Till Next We Meet is a stand-alone, Georgian historical romance that takes place in the Scottish lowlands following the Seven Years War between Great Britain and France. Our hero, Adam Moncrief, served as a colonel in Canada during the war, where he was in command of Harry Dunnan. Harry received letters from his young wife, Catherine, which he refused to answer. Feeling that she was owned something, Moncrief took it upon himself to answer the letters for Harry, and thus began a lengthy correspondence between the two with him writing under the guise of her husband and them falling in love through their missives. Then Harry died, leaving Moncrief with the duty of writing a condolence letter as himself, the last one he sends to her. When Moncrief unexpectedly inherits a Dukedom after the untimely death of his brother, he resigns his commission to return home, but on his way there, he decides to look in on Catherine to see how she’s doing, only to find her deeply grieving and under the influence of laudanum. On his second visit to see her, Moncrief finds Catherine nearly dead of a laudanum overdose and sets about reviving her, which leads to a shotgun marriage after the vicar finds out that in doing so Moncrief compromised her. When she awakens, she’s not entirely happy about the situation, but capitulates, traveling with her new husband to his castle. There, they must get to know one another in person with her grief and the guilt of his deception hanging over their relationship. But it seems that there is also someone who is out to get Catherine and perhaps the laudanum overdose was neither an accident nor a suicide attempt.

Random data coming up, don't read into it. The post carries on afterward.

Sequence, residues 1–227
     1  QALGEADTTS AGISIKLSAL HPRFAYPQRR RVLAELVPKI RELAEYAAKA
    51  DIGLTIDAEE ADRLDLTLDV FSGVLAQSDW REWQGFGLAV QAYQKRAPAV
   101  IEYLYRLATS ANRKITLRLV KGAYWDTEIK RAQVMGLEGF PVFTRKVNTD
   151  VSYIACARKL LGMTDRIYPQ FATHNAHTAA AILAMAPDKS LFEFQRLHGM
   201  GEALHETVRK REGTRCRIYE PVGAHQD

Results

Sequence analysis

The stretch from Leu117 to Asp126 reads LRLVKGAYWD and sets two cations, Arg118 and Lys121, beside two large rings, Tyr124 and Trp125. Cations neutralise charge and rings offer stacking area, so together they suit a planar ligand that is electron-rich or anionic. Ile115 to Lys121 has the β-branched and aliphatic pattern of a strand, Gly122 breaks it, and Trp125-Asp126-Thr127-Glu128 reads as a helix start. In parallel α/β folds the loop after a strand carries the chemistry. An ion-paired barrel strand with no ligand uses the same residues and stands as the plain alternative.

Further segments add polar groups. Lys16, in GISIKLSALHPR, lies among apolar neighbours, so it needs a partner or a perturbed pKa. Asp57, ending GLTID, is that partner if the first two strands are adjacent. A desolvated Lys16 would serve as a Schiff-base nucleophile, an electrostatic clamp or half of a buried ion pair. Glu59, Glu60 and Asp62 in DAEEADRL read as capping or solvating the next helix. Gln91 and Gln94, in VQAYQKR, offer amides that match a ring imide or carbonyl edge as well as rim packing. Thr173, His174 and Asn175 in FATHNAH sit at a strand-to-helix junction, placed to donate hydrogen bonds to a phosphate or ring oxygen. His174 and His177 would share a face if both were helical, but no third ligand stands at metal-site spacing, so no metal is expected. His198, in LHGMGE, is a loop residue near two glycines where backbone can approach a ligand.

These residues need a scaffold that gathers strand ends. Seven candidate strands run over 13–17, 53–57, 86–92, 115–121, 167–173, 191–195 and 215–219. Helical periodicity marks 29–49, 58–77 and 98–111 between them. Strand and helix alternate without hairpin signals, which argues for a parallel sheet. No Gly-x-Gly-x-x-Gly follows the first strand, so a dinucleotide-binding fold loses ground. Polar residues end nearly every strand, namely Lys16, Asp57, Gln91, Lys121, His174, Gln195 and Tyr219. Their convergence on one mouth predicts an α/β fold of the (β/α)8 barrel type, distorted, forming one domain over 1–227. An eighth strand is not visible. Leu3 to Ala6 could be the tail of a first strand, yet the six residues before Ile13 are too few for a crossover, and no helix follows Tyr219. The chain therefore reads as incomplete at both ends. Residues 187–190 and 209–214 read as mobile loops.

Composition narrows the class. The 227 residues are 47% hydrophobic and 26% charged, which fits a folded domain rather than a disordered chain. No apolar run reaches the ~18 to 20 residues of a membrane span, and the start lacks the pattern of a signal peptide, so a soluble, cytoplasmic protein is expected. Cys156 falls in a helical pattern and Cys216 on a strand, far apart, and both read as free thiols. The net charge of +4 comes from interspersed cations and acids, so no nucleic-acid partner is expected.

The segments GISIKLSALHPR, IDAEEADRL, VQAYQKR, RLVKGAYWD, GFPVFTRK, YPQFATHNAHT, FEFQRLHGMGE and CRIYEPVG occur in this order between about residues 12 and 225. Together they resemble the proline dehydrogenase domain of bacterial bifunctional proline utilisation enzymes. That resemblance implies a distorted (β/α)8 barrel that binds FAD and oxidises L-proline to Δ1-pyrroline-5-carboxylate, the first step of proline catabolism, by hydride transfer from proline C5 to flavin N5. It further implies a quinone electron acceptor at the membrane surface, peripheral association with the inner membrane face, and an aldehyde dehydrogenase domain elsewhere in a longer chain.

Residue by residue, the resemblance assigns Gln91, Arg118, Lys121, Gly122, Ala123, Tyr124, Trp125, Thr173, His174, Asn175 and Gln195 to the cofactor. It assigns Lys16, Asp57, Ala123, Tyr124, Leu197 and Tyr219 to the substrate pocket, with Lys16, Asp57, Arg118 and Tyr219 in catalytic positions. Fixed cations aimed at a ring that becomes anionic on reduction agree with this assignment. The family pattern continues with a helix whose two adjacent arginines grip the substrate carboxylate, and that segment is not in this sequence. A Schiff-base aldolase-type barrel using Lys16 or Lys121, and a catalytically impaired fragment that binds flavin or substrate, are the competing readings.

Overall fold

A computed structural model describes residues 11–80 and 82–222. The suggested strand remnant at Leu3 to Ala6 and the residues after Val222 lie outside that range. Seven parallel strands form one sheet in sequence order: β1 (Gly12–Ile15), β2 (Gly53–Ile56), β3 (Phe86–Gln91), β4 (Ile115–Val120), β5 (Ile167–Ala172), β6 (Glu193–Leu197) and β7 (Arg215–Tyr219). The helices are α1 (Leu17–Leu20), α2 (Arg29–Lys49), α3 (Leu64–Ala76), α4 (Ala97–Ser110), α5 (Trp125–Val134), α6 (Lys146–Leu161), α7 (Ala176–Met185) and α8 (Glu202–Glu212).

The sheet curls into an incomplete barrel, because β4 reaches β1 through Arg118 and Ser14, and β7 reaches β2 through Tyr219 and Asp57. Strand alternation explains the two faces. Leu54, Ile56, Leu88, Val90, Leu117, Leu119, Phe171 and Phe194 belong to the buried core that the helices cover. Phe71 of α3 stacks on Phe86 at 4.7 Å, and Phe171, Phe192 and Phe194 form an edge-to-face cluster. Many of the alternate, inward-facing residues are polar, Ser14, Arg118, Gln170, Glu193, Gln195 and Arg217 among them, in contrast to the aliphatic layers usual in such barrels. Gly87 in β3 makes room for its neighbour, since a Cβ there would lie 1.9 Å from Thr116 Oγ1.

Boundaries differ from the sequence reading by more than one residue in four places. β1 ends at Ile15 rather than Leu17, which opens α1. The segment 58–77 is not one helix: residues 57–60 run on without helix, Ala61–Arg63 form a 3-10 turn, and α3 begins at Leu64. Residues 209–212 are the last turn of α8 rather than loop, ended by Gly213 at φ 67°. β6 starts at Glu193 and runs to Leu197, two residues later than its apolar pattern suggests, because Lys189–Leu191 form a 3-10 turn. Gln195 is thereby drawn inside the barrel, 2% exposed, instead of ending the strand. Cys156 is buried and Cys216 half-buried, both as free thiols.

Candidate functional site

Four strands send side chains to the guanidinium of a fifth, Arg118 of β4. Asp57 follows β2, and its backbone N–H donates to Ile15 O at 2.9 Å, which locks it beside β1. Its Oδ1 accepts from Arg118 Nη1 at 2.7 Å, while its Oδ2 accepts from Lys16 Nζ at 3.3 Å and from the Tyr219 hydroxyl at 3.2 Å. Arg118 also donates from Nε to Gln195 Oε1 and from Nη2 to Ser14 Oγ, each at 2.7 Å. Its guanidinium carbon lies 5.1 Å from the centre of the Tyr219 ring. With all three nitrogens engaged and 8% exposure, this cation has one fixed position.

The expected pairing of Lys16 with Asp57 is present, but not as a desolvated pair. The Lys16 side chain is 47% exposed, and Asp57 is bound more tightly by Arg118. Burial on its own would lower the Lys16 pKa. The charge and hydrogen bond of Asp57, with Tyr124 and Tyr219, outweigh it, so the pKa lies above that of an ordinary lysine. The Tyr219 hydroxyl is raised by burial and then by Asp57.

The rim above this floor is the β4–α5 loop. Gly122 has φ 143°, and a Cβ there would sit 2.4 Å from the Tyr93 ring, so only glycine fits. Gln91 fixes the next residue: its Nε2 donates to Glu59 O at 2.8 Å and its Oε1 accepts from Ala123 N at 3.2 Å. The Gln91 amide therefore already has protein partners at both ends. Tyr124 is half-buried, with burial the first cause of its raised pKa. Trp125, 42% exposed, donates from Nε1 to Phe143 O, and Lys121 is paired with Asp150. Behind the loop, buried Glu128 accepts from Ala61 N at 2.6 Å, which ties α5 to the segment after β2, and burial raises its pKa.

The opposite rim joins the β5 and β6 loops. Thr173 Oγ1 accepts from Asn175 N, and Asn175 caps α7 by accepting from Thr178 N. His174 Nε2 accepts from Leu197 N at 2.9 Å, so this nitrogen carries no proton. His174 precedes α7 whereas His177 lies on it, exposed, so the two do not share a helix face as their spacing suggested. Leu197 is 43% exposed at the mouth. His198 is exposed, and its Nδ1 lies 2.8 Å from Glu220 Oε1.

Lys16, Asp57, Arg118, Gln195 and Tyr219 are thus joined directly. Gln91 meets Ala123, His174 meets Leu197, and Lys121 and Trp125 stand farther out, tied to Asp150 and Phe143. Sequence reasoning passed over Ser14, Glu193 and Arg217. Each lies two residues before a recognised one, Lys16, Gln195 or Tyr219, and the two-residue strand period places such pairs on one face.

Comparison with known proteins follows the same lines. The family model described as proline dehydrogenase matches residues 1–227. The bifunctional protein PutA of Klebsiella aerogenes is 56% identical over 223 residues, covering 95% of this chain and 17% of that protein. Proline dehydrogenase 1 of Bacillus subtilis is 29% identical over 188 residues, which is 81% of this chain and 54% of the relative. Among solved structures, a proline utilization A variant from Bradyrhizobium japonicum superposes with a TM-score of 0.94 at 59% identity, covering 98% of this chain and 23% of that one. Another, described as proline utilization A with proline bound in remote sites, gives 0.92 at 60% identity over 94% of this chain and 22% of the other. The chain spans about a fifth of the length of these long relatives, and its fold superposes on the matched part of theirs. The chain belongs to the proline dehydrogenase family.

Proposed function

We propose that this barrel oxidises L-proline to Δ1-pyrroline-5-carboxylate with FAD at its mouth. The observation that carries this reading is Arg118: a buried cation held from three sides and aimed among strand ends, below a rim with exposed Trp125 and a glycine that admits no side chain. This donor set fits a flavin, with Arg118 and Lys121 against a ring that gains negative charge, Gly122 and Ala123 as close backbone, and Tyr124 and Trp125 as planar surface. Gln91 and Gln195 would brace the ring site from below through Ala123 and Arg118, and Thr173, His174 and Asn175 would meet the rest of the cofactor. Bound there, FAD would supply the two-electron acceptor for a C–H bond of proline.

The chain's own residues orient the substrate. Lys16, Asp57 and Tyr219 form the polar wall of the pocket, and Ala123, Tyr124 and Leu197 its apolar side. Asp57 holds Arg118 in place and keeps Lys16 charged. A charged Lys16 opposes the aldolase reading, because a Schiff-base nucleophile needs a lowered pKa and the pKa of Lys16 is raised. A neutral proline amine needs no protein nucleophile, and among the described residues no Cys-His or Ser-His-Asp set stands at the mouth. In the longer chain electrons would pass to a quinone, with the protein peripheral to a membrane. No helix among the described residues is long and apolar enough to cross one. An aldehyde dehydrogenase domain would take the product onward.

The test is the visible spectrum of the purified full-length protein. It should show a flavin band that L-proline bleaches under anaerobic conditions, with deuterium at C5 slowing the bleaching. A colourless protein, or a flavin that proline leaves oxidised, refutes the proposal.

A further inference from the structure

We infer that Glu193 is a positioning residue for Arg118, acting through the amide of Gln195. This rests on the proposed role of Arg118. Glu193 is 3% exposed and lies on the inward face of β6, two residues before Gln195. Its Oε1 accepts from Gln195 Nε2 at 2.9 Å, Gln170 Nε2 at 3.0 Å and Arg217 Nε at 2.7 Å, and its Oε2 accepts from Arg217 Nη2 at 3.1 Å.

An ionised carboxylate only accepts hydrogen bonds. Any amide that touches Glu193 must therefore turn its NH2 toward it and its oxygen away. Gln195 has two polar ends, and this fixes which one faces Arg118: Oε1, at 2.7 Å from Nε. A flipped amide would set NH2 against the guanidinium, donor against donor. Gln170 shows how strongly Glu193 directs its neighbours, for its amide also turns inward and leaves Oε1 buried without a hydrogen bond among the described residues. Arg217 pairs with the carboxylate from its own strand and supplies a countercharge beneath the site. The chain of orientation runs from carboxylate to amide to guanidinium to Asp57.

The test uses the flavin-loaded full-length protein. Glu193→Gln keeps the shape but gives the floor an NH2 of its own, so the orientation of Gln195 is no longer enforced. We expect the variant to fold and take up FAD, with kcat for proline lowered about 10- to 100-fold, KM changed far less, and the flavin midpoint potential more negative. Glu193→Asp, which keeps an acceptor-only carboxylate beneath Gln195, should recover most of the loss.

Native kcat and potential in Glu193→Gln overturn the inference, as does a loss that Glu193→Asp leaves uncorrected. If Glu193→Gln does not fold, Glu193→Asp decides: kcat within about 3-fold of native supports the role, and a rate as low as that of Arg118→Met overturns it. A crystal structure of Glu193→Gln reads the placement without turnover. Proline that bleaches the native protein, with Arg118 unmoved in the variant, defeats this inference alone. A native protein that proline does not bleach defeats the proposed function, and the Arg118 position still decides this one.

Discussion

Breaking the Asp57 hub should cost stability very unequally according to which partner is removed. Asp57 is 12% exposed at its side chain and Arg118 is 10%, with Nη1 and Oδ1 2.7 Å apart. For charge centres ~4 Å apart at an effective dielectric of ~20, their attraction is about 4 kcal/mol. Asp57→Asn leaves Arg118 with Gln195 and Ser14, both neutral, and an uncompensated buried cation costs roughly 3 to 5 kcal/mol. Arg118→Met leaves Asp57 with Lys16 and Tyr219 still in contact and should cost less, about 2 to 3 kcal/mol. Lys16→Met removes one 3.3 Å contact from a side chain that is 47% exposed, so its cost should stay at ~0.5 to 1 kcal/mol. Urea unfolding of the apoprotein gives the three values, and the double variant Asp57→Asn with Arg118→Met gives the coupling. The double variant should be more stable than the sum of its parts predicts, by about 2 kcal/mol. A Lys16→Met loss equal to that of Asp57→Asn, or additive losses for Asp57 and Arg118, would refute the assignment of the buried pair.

Catherine became enamored of Harry almost immediately upon meeting him, not knowing that he was only looking for a wealthy heiress to marry to fund his gambling habit. She was happy with him for a month, but then Harry developed wanderlust so her father bought him a commission in the army. Really missing him after he went away, she wrote to him and received beautiful letters in return that she hadn’t known Harry was capable of writing (of course, not realizing that it wasn’t him at all), and fell even more in love with him through their correspondence. But then she received word that he’d died and she went into a deep grief. She started taking what she thought were measured doses of laudanum to help her sleep, but she’s very much under the influence of the drug when she first meets Moncrief with him later finding her nearly dead of an overdose. When she finally awakens to find herself married to him, she doesn’t remember any of it, but swears that she wasn’t trying to kill herself, an assertion that he doesn’t entirely believe at first. Although Catherine finds it uncomfortable to be wed to a stranger, she doesn’t fight it, instead willingly going with him to his castle, but asking for a month to make peace with it all before consummating their union. During that time, she finds herself more and more attracted to Moncrief and feeling like she’s betraying the memory of her dead husband. However, when the truth of Harry’s nature comes out, she’s the one who instead feels betrayed, but if she learns that her new husband is the one who really wrote the letters, it could spell doom for her burgeoning feelings for him.